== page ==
B) Spotters

The first three points here are sort of the traditional role of the spotter, and generally the jobs they'll do the most. But this is NOT why fire marshall's request that we have them. They are more concerned about public safety. They don't care if you get your chains tangled, or if it looks better to toss your fan away to a waiting spotter. They want someone there who will attend to the wicks if you get bashed in the back of the head and knocked out. Frankly, I've never heard of it happening, but that's why it's their job to think of things this way. Your spotter is there to protect the public first and foremost, regardless of whatever other jobs you may issue to them. When asked, they need to chant that last bullet point like a mantra, then stumble through the rest of their duties.

C) First aid training

For some performers, this is a sticky area. I doubt that anyone would argue that first aide training is a benefit for both performers and spotters, it's just not always possible to have an EMT on staff. First aid training, burn care, etc is something that can be looked up online. the certifications courses help, but any info is good stuff. Here's a freebie for you: the biggest step in all burns is to start the cooling process as quickly as possible. So a pint of cool, clean water in your kit can mean the difference between a blistering burn and just an itchy one.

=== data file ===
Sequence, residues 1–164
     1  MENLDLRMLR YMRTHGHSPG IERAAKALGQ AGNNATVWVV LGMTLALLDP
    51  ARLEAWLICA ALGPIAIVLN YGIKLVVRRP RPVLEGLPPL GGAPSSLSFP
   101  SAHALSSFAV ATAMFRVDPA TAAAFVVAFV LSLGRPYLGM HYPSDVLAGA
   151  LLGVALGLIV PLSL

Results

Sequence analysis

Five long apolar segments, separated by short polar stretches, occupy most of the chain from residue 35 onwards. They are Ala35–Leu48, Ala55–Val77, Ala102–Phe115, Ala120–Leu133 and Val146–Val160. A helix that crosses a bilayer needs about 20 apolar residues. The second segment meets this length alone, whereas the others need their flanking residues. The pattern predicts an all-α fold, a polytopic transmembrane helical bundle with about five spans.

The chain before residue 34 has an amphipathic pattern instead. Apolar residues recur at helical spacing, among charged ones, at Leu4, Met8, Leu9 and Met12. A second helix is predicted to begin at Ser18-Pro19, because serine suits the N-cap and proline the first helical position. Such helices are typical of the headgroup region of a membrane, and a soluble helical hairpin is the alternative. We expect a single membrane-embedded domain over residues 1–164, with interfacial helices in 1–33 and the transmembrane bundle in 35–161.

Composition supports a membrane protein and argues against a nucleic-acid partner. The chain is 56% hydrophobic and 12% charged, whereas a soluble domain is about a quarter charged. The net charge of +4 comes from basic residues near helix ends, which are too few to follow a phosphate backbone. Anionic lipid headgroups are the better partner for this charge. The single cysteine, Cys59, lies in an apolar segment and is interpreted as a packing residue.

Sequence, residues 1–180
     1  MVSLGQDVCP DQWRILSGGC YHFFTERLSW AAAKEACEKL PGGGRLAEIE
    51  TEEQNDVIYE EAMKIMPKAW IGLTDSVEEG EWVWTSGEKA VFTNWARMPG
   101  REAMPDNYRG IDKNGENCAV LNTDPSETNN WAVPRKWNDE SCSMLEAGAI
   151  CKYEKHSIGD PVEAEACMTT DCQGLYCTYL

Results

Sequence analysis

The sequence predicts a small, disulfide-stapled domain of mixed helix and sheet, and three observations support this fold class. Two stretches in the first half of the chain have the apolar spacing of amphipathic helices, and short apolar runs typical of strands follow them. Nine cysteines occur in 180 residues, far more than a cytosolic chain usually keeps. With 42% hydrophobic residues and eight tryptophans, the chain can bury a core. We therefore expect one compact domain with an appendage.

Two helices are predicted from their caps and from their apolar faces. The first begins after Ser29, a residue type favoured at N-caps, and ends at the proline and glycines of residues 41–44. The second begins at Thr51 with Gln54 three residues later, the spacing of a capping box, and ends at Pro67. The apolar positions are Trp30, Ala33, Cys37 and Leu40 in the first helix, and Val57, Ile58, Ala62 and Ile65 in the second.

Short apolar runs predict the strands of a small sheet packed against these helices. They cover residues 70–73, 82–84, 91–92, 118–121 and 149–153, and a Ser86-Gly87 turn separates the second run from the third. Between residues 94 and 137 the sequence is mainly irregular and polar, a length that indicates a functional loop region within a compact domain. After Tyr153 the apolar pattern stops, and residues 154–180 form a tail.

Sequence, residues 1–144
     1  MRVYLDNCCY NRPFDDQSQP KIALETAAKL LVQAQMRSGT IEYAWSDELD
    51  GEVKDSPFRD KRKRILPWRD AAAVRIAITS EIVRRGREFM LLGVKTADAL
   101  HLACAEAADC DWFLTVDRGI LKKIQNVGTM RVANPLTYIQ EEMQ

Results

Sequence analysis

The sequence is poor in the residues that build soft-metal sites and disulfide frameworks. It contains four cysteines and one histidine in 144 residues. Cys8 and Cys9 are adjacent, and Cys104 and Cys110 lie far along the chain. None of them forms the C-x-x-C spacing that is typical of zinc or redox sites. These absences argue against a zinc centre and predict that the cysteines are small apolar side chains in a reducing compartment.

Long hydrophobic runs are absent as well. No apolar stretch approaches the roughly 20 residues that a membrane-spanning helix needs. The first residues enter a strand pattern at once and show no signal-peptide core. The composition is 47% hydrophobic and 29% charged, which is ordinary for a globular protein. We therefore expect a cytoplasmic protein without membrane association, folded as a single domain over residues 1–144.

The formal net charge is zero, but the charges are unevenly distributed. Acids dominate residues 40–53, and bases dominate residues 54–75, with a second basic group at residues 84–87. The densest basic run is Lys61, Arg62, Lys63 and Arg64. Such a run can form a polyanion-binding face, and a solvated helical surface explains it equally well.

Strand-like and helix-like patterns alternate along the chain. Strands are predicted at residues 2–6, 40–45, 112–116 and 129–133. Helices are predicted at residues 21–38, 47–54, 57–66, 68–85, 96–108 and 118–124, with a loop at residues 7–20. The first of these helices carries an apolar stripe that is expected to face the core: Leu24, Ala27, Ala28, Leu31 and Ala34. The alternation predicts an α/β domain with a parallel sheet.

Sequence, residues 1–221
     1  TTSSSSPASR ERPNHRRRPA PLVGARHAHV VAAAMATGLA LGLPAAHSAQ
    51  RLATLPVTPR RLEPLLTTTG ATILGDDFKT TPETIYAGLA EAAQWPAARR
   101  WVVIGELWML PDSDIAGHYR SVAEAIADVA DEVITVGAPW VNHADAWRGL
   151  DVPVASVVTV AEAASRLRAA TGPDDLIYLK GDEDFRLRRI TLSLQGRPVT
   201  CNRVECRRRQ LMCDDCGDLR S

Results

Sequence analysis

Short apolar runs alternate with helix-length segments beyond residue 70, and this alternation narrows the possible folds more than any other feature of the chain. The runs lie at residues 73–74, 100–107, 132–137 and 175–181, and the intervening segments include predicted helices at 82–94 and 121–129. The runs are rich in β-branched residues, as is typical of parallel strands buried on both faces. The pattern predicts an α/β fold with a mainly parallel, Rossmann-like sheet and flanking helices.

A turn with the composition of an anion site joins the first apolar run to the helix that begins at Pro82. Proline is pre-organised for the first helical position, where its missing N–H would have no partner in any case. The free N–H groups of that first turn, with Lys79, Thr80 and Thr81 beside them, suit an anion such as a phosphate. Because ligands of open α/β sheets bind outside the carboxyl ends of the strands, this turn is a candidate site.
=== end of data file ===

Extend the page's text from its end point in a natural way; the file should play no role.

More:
D) Equipment

This is one of the first things a Fire Marshall looks for when working up a permit. Every venue is required to have a certain set of extinguishers in specific locations for general fire safety. We present a "special" fire safety need. This means that you shouldn't be depending on the venue to have extinguishers hanging in the kitchen for you to use in your show. You're expected to have your own to supplement the existing ones in the venue.